Health Department Reports Increase in Pertussis Cases

For Immediate Release: November 17, 2011

Media Contact: Communication Office
Vermont Department of Health
802-863-7281

BURLINGTON – The Vermont Department of Health has alerted health care providers statewide about an increase in the number of cases of pertussis, a vaccine-preventable disease commonly known as whooping cough.

Twenty-seven cases of pertussis have been confirmed in Vermont this year, including six cases in the past month. Recent confirmed cases have been reported in Chittenden, (4), Washington (1), and Bennington (1) counties, with additional probable or suspected cases in Chittenden, Addison and Windham counties.

The age range of confirmed cases is from 5 months to 67 years old.

Pertussis is a highly contagious disease of the lungs caused by a bacterial infection. Anyone who has clinical symptoms of pertussis should be evaluated by their health care provider. People with suspected or confirmed cases of pertussis should be kept out of school, work, and group activities until five days of antibiotic therapy have been completed.

Household members and other close contacts of someone who has pertussis should receive antibiotics to prevent illness.

Serious complications from pertussis are most common among children under the age of 1, including pneumonia, encephalopathy (brain inflammation), and in rare cases, death.

“This is a good reminder for everyone to get vaccinated as the best defense against whooping cough, and to look for symptoms of the disease,” said Deputy State Epidemiologist Susan Schoenfeld. “We are seeing a resurgence in pertussis cases in other areas of the country, and this is a real concern for public health officials nationwide.”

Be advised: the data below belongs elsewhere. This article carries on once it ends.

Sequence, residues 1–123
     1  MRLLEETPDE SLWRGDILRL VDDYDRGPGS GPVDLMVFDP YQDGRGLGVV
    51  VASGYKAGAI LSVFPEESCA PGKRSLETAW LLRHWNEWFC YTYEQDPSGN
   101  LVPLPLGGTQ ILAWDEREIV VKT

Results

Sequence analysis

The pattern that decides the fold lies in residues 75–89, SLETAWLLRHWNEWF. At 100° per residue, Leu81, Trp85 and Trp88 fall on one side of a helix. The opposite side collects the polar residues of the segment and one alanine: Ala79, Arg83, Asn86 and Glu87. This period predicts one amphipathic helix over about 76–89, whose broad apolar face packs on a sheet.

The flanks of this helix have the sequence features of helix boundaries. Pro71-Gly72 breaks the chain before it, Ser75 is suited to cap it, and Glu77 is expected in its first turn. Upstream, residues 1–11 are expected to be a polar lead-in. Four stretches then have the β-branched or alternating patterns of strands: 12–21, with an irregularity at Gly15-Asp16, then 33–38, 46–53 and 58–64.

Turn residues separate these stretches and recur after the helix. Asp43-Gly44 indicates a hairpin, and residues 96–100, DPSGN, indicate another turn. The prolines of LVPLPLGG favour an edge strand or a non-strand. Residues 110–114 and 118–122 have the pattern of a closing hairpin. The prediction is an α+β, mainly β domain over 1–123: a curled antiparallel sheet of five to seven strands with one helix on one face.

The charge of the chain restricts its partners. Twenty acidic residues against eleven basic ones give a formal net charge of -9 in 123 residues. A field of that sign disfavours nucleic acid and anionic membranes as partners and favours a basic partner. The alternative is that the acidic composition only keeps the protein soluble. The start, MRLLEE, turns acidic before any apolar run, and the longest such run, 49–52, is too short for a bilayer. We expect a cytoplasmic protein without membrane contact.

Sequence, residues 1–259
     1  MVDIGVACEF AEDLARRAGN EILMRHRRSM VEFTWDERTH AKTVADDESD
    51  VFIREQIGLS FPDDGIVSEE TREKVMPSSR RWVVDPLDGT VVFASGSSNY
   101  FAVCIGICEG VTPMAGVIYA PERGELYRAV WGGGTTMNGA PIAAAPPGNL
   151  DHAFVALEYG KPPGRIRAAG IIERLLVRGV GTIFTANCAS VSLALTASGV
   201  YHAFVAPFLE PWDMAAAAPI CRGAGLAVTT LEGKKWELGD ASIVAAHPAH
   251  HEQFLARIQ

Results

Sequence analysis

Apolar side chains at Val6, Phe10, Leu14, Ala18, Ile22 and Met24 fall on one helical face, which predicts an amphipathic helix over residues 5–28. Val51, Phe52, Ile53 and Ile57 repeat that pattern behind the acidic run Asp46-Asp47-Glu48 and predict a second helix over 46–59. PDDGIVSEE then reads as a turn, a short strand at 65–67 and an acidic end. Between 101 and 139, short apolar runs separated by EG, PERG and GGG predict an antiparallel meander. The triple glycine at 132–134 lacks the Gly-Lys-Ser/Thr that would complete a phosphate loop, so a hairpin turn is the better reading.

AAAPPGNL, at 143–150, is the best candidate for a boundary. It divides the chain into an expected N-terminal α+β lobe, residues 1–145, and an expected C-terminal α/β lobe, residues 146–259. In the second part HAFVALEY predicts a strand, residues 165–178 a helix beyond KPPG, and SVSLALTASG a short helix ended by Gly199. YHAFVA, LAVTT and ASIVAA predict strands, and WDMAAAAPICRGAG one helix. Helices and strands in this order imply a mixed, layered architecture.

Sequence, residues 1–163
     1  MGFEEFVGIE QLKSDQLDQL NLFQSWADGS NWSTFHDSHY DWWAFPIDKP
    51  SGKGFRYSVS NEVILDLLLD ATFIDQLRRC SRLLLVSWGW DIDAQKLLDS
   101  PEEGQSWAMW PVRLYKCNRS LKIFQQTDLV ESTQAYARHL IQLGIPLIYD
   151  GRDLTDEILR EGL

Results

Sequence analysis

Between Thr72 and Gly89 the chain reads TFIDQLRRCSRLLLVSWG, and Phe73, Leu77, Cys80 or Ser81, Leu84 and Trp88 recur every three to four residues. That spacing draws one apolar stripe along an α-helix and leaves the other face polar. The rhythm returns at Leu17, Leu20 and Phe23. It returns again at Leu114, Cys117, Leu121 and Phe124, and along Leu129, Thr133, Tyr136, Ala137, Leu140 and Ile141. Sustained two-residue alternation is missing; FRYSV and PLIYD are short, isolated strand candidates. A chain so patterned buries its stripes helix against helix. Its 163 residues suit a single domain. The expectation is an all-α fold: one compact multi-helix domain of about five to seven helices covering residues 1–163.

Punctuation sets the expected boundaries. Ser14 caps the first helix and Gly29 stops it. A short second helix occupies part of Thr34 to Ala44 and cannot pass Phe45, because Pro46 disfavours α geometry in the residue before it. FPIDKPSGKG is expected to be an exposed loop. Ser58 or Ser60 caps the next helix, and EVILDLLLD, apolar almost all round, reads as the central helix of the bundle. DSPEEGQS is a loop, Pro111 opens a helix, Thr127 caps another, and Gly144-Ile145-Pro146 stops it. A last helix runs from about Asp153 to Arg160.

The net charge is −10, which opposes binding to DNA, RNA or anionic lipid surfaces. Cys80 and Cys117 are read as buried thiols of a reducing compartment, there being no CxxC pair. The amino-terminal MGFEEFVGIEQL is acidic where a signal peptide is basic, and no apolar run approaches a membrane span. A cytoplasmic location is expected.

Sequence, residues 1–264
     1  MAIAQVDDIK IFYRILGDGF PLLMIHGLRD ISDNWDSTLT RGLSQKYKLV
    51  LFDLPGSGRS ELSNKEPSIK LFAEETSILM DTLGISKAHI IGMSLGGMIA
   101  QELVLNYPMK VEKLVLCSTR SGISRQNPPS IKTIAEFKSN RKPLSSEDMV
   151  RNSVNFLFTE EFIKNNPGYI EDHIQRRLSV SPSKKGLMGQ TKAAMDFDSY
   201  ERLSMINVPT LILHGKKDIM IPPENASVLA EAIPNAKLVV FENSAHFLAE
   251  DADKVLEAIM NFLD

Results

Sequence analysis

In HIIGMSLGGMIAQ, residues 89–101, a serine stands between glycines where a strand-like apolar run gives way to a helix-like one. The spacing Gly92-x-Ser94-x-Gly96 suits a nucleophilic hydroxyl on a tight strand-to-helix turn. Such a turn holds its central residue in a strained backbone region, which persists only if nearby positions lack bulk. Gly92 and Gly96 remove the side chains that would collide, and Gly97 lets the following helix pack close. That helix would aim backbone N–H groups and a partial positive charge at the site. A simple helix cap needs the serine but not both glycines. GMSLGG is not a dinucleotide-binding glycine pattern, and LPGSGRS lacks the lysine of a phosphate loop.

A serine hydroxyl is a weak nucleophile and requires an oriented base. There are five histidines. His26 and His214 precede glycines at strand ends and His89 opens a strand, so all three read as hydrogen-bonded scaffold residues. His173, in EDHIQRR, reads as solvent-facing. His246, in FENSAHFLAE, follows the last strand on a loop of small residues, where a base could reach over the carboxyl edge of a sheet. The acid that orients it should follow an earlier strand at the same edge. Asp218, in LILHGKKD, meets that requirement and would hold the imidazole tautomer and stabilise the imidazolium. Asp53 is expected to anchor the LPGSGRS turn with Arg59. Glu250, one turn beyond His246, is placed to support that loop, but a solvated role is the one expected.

A total of 8,300 cases were reported in California last year, including nine deaths of infants less than 2 months old.

The last widespread outbreak of pertussis in Vermont occurred in 1996 -1997. A total of 280 cases were identified in 1996, including 171 cases in school-aged children in 69 Vermont schools. In 1997, there were 283 cases.

The earlier a person – especially an infant – starts on treatment for whooping cough, the better. The infection usually begins with mild upper respiratory symptoms and an irritating cough that gradually worsens to include possible whooping, short periods without breathing, or vomiting.

School and child care entry laws in Vermont require multiple doses of a pertussis-containing vaccine, dependent on the age of the child. When pertussis is identified in a school, letters are often sent to parents to inform them of the illness, describe symptoms of pertussis, and encourage parents to have children with symptoms examined by a health care provider.

While immunization is the best protection against pertussis, it's possible for fully vaccinated children to develop pertussis, though they often have milder disease.

Immunity to the disease can also wane over time. The adolescent/adult pertussis booster vaccine (Tdap) should be given to all Vermonters ages 10 and older. Anyone who has close contact with infants is strongly urged to get the Tdap vaccine.

For more information about pertussis, visit the Health Department website at healthvermont.gov.

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